- Paperback: 215 pages
- Publisher: CreateSpace Independent Publishing Platform (28 July 2014)
- Language: English
- ISBN-10: 1500489859
- ISBN-13: 978-1500489854
- Product Dimensions: 12.7 x 1.4 x 20.3 cm
- Average Customer Review: 20 customer reviews
- Amazon Bestsellers Rank: 1,723,862 in Books (See Top 100 in Books)
The Girl Who Tweeted Wolf: Volume 1 (Hobson & Choi) Paperback – 28 Jul 2014
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About the Author
Nick Bryan is a London-based writer of genre fiction, usually with some blackly comic twist. As well as the almighty detective saga Hobson & Choi, he is also working on a novel about the real implications of deals with the devil and has stories in several anthologies. More details on his other work and news on future Hobson & Choi releases can be found online at NickBryan.com or on Twitter as @NickMB. Both are updated with perfect and reasonable regularity. When not reading or writing books, Nick Bryan enjoys racquet sports, comics and a nice white beer.
Top customer reviews
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I scribble a bit myself; I’m a humorist and raconteur, and because of that people are always getting in touch saying, “Your stories are hilarious. We have the same sense of humour. Why don’t you read some of my stories? I’m sure you’ll love them.” So because of this, the descriptive reviews such as “Packed full of wit” and “Dark humour” were a little off-putting, and I couldn’t help thinking, “Here we go again.”
Well, let me tell you that I absolutely loved this book and I am smitten – is that a bit of a girly word? I quite like it all the same – I was smitten by the writing style of Nick Bryan. I loved Hobson and Choi! What a combination! Hobson with his acerbic aphorisms and innocent Choi, who just wants to be everyone’s friend. Hobson is coarse, blunt and on target. 16-year-old Choi is unblemished by the world and far too audacious for her own good.
Hobson’s answer to most situations is to punch people in the nose, or at least to threaten to. Choi’s answer is to give them a little awkward wave. “It was the kind of twee hand-flutter Hobson hated, but it seemed to strike a chord with these bastards …..”
Choi is on work experience, by the way, and Hobson takes on the role of guardian with no small measure of earnestness whilst marching her through some of London’s seediest pubs – “You’re under the legal drinking age, so you’ll fit in better than me” – and when questioning potential murderers. Add to the mix Ellie, Hobson’s ex-wife and the police detective charged with solving the murders and you have a recipe for …. Well, a recipe for a bloody good read.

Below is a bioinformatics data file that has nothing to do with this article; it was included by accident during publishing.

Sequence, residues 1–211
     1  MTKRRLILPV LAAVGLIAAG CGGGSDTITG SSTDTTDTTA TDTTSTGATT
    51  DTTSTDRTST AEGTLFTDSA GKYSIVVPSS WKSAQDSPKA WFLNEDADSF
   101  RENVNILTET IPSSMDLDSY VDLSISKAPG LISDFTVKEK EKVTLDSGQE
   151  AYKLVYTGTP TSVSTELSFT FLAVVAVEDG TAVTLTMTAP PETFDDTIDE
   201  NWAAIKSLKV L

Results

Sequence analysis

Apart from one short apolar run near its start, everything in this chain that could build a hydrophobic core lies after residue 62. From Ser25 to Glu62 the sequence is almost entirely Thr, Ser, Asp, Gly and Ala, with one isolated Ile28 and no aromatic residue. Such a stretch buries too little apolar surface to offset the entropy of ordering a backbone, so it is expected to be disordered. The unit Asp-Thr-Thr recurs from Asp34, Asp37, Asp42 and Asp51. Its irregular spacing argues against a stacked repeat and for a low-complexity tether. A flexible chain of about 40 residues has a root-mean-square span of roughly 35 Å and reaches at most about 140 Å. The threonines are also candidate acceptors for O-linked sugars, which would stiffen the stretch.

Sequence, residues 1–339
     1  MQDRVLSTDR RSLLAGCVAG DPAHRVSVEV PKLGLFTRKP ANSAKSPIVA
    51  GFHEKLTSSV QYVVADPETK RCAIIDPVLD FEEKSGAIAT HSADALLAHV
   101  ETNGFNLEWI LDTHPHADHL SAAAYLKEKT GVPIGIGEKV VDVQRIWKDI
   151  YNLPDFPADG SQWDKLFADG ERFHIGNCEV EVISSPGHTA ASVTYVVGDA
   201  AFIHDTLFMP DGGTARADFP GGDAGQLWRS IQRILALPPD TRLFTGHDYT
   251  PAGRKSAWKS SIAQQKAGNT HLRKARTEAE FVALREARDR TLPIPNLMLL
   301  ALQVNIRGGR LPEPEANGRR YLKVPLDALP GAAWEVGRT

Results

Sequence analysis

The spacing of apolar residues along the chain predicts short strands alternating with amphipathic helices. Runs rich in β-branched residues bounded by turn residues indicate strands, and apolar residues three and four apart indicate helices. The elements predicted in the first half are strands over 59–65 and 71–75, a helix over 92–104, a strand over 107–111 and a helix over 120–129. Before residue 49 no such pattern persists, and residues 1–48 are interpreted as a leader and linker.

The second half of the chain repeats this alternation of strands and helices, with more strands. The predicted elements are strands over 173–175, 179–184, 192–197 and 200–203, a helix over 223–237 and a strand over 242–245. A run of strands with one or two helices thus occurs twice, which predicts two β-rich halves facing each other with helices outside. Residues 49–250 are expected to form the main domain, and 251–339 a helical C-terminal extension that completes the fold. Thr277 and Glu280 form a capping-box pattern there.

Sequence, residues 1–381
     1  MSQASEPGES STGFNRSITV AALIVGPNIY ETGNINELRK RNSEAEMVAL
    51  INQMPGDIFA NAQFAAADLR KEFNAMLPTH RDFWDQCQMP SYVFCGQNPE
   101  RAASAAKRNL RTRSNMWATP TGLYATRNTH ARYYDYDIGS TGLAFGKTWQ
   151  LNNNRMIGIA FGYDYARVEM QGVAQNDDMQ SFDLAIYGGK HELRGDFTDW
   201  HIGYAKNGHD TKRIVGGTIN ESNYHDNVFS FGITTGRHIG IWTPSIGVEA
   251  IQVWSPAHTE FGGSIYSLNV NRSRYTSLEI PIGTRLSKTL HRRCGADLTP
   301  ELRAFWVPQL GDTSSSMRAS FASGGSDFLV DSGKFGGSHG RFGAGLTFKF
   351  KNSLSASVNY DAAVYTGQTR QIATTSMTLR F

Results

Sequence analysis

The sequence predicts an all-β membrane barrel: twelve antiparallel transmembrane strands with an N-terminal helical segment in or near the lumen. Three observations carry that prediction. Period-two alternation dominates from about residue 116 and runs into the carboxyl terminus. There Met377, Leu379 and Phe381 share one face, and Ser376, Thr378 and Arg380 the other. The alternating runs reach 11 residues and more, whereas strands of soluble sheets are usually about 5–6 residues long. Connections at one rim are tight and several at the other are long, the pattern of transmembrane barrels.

And something else I liked about this story. It flows. There’s no stops and starts like you find in some books. The pace is rapid, yet you really don’t know until the end just who exactly the murderer is.
I will absolutely recommend this book. Well done to Nick Bryan for creating two such likeable protagonists. And the short extra story at the end – which has absolutely nothing (or very little) to do with the main story – leads me to believe that this fellow can really write.
A top read!
give it 2 stars if it was intended for teenagers and only one if it was for adults!
Hobson is a private eye who wants to build up his business. He uses Choi, a 16 year
old on work experience to set up a twitter site. She promises that Hobson will solve a
"wolf" murder. From then on the plot was ludicrous and there were many loopholes in
SPOILER: How did the murderer manage to control a huge savage dog which didn't belong
to him (so no "master/pet" loyalty), even taking it up in a lift and putting it into a car???
The motive of the murders was flimsy to say the least.
The author used the F word on almost every page from most of the characters, including Choi.
Hobson was a crude character. The conversations between all the characters were what I would
expect between teenagers - "um .... like .....who do you think, like ...um .. who did it?"
I did not find the book amusing and I struggled to finish it.
The short story at the end was even worse! Sorry!
The well-plotted crime/mystery elements make it a real page-turner, and the book shows its origins as serialised fiction in the best possible way -- with pacey writing and never a dull moment.
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Wow! I LOVED this book with a capital L!Read more